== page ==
When materials receive energy either by incident light or heat some of this energy is given to the electrons and can cause them to be promoted into higher energy levels. These excited electrons are destined to de-excite and return to their original energy level in time. The problem is that in hot metals that have been excited by electromagnetic radiation, the electrons only remain excited for a couple of femtoseconds before relaxing back into a de-excited state. In semiconductors where the bands are much more separated it can be a hundred milliseconds before the electrons revert to their original energy. Ideally we want to be able to control the relaxing mechanism so that the metals are forced to remain excited for a similar length of time as semiconductors. If this could be achieved it would improve our ability to capture solar energy.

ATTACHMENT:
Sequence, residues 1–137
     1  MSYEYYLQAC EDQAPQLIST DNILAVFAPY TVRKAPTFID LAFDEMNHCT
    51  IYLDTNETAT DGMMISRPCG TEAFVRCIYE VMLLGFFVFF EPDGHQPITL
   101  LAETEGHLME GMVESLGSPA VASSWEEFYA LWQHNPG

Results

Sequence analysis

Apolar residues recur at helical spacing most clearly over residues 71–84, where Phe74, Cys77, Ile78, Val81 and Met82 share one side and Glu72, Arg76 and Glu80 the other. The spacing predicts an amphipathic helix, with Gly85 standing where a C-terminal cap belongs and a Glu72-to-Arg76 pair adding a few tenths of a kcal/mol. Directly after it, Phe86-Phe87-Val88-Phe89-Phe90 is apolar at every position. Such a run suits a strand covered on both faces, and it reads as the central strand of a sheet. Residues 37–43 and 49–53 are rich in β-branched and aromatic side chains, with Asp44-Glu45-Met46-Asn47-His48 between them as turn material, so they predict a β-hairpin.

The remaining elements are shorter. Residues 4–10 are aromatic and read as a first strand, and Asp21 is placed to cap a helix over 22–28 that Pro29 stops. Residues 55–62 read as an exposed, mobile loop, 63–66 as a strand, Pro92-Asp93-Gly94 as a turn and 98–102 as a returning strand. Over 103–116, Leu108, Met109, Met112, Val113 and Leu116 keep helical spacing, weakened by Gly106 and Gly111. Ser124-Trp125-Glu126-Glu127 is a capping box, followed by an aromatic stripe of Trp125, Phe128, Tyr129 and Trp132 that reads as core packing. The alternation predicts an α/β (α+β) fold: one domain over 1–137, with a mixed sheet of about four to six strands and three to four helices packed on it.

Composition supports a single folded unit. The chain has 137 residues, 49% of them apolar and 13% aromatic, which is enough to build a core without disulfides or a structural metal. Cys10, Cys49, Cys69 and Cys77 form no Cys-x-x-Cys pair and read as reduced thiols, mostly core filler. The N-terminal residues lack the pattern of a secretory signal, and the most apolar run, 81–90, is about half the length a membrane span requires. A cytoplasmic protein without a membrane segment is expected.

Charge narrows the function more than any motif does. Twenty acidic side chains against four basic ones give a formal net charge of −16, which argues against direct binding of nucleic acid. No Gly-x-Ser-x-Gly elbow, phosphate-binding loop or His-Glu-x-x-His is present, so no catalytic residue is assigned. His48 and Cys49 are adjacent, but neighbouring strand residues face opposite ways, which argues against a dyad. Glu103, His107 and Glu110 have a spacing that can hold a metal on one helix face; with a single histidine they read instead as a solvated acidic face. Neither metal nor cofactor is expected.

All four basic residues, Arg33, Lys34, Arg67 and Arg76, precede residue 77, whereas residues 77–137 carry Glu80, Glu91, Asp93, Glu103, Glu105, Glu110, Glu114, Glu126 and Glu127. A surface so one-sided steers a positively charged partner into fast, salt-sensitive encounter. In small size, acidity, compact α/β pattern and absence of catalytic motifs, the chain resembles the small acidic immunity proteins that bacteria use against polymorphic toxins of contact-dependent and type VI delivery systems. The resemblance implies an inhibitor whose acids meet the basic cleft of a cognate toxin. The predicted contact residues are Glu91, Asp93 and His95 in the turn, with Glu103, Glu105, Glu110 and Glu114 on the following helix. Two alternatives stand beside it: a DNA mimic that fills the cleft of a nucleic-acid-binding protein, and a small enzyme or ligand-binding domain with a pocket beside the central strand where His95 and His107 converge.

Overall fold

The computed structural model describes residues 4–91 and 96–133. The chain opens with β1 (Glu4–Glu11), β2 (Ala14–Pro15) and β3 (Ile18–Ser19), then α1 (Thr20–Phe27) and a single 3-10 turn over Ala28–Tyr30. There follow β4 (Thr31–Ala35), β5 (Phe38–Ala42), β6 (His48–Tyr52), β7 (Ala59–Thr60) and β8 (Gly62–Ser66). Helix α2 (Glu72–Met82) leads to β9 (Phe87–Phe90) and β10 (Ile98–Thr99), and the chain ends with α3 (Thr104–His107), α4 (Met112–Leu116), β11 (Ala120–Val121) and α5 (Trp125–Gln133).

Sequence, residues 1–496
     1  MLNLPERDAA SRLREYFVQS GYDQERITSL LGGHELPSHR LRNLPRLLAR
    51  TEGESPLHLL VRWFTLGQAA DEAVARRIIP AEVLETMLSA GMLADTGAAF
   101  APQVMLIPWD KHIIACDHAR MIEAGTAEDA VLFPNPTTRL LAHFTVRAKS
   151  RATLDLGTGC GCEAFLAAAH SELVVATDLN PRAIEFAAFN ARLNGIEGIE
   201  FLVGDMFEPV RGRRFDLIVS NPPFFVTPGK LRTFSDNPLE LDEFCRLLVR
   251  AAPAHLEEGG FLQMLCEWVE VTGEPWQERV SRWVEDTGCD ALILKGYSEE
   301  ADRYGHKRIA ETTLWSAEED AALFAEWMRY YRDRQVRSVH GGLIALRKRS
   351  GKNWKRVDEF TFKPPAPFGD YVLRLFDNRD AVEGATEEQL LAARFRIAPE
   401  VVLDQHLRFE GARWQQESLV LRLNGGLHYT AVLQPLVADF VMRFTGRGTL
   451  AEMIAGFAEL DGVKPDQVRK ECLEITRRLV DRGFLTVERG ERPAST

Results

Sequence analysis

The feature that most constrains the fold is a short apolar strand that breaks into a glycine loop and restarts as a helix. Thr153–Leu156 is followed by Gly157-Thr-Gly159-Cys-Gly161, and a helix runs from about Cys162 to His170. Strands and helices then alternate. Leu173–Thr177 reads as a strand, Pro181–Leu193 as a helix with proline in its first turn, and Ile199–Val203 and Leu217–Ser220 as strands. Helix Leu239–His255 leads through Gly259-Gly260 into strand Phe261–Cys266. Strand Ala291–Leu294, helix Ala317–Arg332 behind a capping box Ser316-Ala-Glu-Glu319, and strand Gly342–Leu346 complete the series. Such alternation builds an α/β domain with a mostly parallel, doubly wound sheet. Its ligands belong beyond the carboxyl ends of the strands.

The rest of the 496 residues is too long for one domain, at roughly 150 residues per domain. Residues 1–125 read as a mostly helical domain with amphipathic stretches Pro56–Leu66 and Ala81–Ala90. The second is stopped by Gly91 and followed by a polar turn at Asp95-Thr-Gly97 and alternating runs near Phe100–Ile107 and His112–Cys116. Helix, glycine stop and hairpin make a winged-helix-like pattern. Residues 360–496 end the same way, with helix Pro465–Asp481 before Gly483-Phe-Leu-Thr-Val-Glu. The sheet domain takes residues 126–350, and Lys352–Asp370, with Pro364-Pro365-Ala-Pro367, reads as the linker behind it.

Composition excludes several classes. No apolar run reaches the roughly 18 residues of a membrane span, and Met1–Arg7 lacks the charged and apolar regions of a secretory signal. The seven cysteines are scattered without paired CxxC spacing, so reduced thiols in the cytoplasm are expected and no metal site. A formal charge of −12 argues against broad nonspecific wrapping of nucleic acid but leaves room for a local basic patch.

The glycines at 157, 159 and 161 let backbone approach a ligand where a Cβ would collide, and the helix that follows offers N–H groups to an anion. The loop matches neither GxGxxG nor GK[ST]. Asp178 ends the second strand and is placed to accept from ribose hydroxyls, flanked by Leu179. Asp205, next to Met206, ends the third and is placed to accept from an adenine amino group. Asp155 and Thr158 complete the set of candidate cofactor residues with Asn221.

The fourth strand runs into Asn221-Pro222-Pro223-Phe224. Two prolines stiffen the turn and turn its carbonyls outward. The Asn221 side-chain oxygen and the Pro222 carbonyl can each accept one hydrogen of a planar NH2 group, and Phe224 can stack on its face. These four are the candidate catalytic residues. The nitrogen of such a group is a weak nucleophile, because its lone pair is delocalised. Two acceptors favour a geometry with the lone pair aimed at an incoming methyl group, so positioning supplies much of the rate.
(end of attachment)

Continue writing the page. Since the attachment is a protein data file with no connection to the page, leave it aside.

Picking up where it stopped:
It was found that the electron and hole recombination event could be controlled through strong electron lattice correlations. This is where the material can no longer be modelled as if each electron was acting independently and so the idea that there is a flowing “sea” of electrons leads to incorrect predictions. Instead each electron has a complex effect on its local surroundings. By encouraging the formation of polarons (where the positive lattice is attracted and forms a phonon around the electron) in these conditions it is suggested that the lifetime of excitation would increase. By experimenting on a mix of praseodymium (Pr), calcium (Ca) and manganate (MnO3) collectively called PCMO it was found that at room temperature these polarons are indeed responsible for a slow de-excitation of about two nanoseconds. This polaron was observed to contain energy much greater than the equilibrium energy for the metal. Normally this would decay quickly back to the ground state but with assistance from the environment electrons it can remain in this unstable form for a (relatively) long time. The exact optical absorption lengths for these materials makes them perfect for absorbing infra red and visible light if their excitations can be maintained and so may be used in photovoltaic applications.